The Court found the Election suspect and in an effort to discern the actual date of the Election, directed the Creditor’s attorney to request the metadata relevant to the Election from the computer of the attorney who had drafted the document and/or such attorney’s former firm’s network server and to produce the data to the Court within 60 days. If the metadata was not produced, the Court would draw an adverse inference that the Election had been created after the 90-day period following Frank, Sr’s death. No metadata was ever delivered to the Court.

The attorney testified that he believed that the Election had been prepared in his office although the Election did not have certain identifiable marks (e.g. file number) that would evidence such preparation, nor was the Election-signing ceremony on the attorney’s calendar.

Undeterred, at trial Lona introduced a second document that had not previously been produced during the litigation (the “November 10th letter”). The November 10th letter (admittedly written by Lona) would have served as a sufficient writing to continue the LLC had the Court believed its provenance or if the metadata associated with the November 10th letter been provided. According to Lona’s testimony at trial, however, the computer that had generated the November 10th letter had “gone bad” a few years ago and had been disposed of.

Unfortunately for her, Lona was not a credible witness.

In concluding that Lona should be removed as Executor for cause, the Court held that a person who backdates documents and offers false testimony at trial should not be a fiduciary of an estate. The Court ordered the appointment of a new personal administrator with an order to: (1) dissolve the LLC; (2) liquidate the assets in the LLC; and (3) make disbursements to pay off the Creditor as required in the Changing Order.

Key takeaways:

First, review LLC Agreements to discern whether mandatory election is necessary and advisable and amend the LLC Agreement if appropriate. Second, only go into trial with a firm belief in the honesty of your client’s version of the facts. Otherwise, don’t let your client pick you as their attorney.


Beth B. Miller is counsel with the law firm of Fox Rothschild LLP, resident in its Wilmington office. She practices business, tax and trusts and estates law. You can reach Beth at (302) 622-4219 or at bbmiller@foxrothschild.com.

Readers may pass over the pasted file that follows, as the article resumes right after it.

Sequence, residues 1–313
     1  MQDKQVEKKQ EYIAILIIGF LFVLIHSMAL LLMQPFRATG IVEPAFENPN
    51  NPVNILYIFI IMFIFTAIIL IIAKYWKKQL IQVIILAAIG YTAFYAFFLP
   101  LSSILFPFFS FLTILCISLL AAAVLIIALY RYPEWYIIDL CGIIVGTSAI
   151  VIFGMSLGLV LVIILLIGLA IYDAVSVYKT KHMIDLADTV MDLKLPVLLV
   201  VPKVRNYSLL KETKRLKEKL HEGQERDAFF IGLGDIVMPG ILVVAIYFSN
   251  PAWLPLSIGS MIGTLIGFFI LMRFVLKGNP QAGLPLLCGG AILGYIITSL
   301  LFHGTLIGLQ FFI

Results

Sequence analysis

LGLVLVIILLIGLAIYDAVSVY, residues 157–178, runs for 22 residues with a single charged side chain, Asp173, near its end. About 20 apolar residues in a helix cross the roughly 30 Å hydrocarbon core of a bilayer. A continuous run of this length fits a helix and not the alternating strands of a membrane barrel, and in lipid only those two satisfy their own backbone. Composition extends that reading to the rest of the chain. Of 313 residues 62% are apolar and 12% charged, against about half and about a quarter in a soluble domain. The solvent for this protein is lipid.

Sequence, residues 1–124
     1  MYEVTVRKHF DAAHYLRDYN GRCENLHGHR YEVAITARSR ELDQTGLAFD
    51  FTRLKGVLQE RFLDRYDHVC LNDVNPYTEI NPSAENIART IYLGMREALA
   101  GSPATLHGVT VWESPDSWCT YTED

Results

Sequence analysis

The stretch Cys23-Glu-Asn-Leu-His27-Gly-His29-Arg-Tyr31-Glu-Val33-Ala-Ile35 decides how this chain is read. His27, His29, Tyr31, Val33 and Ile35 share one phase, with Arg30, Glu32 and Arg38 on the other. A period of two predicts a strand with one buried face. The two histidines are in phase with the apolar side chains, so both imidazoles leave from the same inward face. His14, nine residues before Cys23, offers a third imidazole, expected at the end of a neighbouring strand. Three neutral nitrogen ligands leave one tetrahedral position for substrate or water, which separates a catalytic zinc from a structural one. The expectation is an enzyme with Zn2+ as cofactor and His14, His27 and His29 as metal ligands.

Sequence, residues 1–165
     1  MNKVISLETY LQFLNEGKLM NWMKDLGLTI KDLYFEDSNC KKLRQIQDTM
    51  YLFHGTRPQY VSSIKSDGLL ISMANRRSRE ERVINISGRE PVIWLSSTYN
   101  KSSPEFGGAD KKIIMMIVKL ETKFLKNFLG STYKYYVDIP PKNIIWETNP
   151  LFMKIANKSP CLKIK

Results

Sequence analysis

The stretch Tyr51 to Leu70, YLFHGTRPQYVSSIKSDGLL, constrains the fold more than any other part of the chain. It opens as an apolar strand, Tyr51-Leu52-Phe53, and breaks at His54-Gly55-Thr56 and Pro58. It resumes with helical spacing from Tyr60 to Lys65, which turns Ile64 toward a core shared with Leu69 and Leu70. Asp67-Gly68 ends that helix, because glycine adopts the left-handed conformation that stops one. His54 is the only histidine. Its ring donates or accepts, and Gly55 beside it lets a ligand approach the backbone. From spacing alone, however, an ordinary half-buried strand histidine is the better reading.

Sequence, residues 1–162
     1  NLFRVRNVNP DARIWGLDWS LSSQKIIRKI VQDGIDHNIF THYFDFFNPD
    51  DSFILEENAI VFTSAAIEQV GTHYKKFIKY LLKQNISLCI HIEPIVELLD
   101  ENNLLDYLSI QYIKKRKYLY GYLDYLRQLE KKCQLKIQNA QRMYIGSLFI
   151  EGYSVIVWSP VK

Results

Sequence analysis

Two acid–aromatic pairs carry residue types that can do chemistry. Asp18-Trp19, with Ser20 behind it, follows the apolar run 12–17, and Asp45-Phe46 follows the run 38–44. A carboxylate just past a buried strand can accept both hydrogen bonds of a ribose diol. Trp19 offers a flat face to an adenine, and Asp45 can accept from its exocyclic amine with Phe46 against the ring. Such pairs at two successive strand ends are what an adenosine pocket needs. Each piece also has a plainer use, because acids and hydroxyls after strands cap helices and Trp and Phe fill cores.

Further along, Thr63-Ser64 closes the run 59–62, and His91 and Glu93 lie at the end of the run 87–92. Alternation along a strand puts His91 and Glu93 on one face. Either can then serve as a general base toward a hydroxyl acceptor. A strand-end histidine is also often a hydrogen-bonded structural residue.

The Delaware Supreme Court has just handed down a decision that dramatically illustrates the need to take a holistic approach to an estate plan to ensure that what you want to happen to your assets when you die, can and actually will happen.

Courthouse
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Everett T. Conaway died on May 11, 2010, leaving to survive him his second wife, Janice, and his son from his first marriage, Jesse.  Everett named Janice and Jesse as co-fiduciaries of his Will and his Trust.  That was not successful and eventually the Court appointed a local attorney to independently handle the administration (who promptly thereafter sued both Janice and Jesse (see Conaway I, Conaway II and Conaway III).  Carefully consider your appointment of fiduciaries to ensure that the fiduciaries (whether as successor trustees or as executors) can and will work together to complete the administration.  If you have any concerns or hesitation, trust your gut and designate someone else.

Everett had utilized several estate planning tools: a pour-over Will; a Revocable Trust; and a limited partnership.  However, these separate tools were not viewed holistically and therefore Everett’s estate plan was unsuccessful.

For instance, Everett’s Trust held a 69% interest in a limited partnership that he had entered into with Jesse.  Everett attempted to leave that 69% limited partnership interest to Janice.  That was not successful (as discussed in a previous post by my colleague Carl Neff).  There possibly could have been a way to accomplish Everett’s goal to leave this asset to Janice but simply ignoring the limitations that Everett had placed on the limited partnership agreement did not work.

Everett owned in his own name, Conaway Development Industries, Inc., which Everett had sold prior to his death.  Under Everett’s Trust Agreement, Everett left that stock or the sales proceeds from the sale of the stock, to Janice.  Unfortunately, this was not successful either.  Because the stock was in Everett’s name alone (and not held in his Trust), the stock was available to Everett’s creditors (including an approximately $260,000 outstanding balance on an unsecured line of credit).  Everett’s attempt to leave the proceeds from the sale to Janice failed since creditors have the superior right to be paid before beneficiaries.  Had Everett retitled the Conaway Development Industries, Inc. stock (or the proceeds from the sale of the stock) into his Trust (with a simple assignment assuming it was permitted under the limited partnership agreement) Janice could have inherited the same.

Key Takeaway: Review your entire holdings (including how they are titled and whether there are any restrictions) and annually read your estate planning documents to ensure that what you want to happen to your assets, actually can and will happen.

Earlier this month, the Delaware Supreme Court reversed a decision of the Delaware Court of Chancery in the matter of In re Sanchez Energy Derivative Litig., No. 702, 2014 (Del. Oct. 2, 2015), finding that Vice Chancellor Glasscock’s dismissal of a pension fund’s breach-of-duty suit failed to consider the sufficient doubt that plaintiff had cast on the independence of a pivotal Sanchez Energy director who had a 50 year long friendship with the Chairman of the Board.  The Court of Chancery’s 51 page opinion can be found here: C.A. No. 9132, 2014 WL 6673895 (Del. Ch. Nov. 25, 2014).